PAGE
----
Redskins

Redskins Fan Cried in Car Over Trademark Ruling: ‘We’re Keeping the Indian Spirit Alive’

by Chris Lingebach
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Redskins fans gathered in the parking lot of FedExField prior to the team's season opener.

Redskins fans gathered in the parking lot of FedExField prior to the team’s season opener.

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Skins Fan Cried When She Heard Ruling

106.7 The Fan

WASHINGTON (CBSDC) – The news of the Redskins losing their six federally registered trademarks came in fast and furious Wednesday, and was overwhelming to some, like one female Redskins fans who says she sat in her car and cried upon learning of the U.S. Trademark Trial and Appeal Board’s ruling.

Lauren in Winchester called into 106.7 The Fan’s Grant Paulsen and Danny Rouhier after the news broke, relaying her deeply saddened reaction to the ruling, then stating her case for why the name should remain the same, for perpetuity.

“When I heard the news, first off, I texted all my friends,” she said. “And then I just sat in the car and cried, because I know that it’s really probably going to be the end of the name, and the thing of it is, every single person who is a Redskins fan — and I’ve been one pretty much my whole life — you look at the name, it’s a sense of pride.

“When people have their feathers on and our Indian gear, it’s a prideful situation. It’s all the people on the outside that are looking at it as it’s derogatory or something, but that’s not how the fans embrace it at all. So I can’t really understand the mindset, and I really don’t want the name to change.”

“If the name does change, I’m not gonna be a fan anymore,” she said.

That last part seemed to be a common refrain uttered on sports talk radio throughout the day by Redskins fans — if the team does change the name, they’ll cease to care as much about the team or even stop rooting for it altogether.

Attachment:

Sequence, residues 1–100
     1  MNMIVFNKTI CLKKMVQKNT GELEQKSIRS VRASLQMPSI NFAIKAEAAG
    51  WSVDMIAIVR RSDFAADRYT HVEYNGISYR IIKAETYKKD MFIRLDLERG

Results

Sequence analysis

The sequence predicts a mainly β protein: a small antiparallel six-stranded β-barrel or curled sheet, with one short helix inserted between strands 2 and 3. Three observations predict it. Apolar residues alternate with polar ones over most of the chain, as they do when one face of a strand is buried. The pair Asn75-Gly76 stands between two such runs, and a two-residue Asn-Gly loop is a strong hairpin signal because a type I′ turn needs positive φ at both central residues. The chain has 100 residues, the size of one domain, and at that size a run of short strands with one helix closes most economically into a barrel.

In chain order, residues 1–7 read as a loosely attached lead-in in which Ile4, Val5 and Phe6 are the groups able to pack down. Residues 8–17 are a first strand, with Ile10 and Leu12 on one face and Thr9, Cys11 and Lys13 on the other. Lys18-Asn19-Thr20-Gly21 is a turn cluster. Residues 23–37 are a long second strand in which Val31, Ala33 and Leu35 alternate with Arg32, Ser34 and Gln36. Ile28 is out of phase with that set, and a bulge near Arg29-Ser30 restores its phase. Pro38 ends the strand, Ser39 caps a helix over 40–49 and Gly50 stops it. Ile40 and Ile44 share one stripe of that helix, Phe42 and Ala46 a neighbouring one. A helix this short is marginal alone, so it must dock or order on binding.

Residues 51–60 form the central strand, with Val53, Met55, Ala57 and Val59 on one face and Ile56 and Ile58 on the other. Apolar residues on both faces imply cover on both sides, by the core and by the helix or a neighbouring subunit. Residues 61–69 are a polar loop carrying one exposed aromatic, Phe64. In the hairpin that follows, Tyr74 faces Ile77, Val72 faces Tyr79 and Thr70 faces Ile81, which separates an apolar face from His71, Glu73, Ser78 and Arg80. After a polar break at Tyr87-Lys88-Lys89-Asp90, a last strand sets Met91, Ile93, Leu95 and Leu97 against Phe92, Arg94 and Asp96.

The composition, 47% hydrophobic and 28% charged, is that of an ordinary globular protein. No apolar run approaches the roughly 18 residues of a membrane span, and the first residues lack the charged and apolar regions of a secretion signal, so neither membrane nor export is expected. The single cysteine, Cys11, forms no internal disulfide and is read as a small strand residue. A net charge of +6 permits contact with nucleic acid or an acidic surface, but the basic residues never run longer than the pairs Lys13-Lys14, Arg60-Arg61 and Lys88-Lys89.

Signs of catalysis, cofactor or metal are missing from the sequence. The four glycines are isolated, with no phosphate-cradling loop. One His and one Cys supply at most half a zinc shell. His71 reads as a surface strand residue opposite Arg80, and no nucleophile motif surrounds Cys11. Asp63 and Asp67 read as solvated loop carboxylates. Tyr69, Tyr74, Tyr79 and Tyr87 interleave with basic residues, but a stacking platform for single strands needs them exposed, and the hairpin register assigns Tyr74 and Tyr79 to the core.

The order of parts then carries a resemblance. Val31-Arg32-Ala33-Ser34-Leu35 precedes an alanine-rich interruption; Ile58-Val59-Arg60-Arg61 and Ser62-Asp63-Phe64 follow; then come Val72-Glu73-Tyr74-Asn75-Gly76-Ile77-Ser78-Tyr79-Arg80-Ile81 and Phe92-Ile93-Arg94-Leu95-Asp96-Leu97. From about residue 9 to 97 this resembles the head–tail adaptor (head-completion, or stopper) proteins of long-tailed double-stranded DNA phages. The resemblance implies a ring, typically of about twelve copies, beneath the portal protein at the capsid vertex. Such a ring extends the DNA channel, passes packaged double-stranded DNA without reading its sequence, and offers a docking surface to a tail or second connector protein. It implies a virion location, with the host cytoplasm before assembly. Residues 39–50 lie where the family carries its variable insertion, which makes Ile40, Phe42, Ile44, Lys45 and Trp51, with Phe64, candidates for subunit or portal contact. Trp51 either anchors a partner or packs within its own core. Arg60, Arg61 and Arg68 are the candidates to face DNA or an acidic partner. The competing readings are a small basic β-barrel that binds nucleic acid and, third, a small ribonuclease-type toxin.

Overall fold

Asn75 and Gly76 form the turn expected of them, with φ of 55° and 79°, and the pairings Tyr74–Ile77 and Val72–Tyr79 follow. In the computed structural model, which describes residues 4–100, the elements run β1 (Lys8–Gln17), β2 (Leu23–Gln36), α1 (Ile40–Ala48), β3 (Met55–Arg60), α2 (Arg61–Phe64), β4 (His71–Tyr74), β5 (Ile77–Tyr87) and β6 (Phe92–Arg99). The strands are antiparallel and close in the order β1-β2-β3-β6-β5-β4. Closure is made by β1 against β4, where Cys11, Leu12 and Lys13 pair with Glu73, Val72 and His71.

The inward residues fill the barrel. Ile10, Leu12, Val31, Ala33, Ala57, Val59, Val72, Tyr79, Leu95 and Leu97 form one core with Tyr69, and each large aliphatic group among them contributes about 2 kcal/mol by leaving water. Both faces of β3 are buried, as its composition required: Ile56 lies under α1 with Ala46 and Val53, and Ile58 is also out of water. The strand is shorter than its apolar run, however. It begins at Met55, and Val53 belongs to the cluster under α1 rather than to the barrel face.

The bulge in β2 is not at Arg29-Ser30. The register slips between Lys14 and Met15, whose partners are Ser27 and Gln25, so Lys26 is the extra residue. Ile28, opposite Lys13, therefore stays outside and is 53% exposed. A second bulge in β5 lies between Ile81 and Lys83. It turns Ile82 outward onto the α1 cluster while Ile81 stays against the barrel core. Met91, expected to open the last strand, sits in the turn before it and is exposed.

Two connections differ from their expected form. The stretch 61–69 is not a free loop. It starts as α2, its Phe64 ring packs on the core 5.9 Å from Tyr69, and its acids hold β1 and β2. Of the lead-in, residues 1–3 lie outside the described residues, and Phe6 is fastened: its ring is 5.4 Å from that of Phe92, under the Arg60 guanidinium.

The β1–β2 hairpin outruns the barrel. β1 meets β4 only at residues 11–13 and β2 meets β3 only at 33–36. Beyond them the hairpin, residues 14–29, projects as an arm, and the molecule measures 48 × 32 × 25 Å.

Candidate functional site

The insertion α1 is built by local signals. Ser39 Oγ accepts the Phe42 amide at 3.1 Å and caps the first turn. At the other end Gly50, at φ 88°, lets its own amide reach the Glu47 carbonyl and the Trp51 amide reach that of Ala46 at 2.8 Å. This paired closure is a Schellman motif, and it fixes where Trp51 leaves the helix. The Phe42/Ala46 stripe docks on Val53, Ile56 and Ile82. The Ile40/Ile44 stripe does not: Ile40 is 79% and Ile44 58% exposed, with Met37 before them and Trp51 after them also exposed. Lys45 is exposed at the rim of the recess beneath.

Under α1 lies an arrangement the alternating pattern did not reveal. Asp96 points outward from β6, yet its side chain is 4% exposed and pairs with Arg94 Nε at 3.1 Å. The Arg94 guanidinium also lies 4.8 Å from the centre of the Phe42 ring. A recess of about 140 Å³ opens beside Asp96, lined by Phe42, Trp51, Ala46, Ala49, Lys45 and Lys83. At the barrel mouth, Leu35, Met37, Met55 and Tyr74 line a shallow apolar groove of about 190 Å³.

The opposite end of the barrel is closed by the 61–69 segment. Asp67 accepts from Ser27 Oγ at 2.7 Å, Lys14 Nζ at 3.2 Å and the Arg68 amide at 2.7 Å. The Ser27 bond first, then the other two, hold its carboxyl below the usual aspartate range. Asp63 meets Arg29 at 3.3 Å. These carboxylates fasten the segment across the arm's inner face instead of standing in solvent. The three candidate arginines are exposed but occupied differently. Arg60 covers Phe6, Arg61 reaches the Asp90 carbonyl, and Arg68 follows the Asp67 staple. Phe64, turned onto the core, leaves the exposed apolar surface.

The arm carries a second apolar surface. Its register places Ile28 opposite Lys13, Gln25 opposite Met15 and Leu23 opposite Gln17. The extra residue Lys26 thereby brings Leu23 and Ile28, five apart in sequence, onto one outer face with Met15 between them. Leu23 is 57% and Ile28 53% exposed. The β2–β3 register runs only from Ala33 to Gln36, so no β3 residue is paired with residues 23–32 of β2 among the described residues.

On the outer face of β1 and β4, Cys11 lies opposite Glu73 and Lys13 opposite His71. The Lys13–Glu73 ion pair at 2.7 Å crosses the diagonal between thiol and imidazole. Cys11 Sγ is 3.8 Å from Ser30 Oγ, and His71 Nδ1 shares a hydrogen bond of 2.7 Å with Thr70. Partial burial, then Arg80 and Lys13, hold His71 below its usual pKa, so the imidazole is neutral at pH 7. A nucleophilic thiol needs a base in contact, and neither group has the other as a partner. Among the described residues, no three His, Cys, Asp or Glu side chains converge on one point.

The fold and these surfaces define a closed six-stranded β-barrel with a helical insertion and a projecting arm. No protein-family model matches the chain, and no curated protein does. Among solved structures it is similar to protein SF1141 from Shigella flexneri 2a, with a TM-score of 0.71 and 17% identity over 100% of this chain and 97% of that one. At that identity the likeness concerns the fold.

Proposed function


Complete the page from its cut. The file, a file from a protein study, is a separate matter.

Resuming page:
Asked if she at least understands how Native Americans could possibly be offended by the name, she responded:

“Um, I do see what they’re saying, but again, I would just reiterate the fact that all the fans that wear the jersey and fill that stadium every Sunday, we’re doing it with pride. I mean, I feel like we’re keeping the Indian spirit alive by representing that particular group.”

Paulsen continued to follow up with the caller.

“I guess my point would be: if you and your friends were saying something playfully with each other, and it’s just something, that for you guys, is a joke or something that’s fun, but someone’s offended in the room that overhears it, aren’t they still offended?” Paulsen asked.

“Um, they could be offended, yes,” she admitted. “But you have to understand the point of view of the fans as well, and take that into consideration. What other teams do you see people wearing full, you know, Indian outfits and being prideful of that history? What else other place are you really seeing that, besides in the communities with Native Americans?

“You don’t see that,” Paulsen interjected.

“No, you don’t,” she said. “So I think it’s something that’s really special that should be embraced, because we are still keeping that spirit alive.”

“If they change the name — and I don’t care what it is: Warriors or Senators or whatever — are you still a fan of the team as passionately as you are today, or does that change?” Paulsen asked.

“No, it changes,” she said. “It changes the whole situation.”

Let me just say, if you’re of the position that you do not want the Redskins name changed, perhaps it’s not the best idea to point out that no other professional sports teams are still currently celebrated by fans dressed in Native American garb, or “Indian outfits,” as Lauren in Winchester so eloquently put it.

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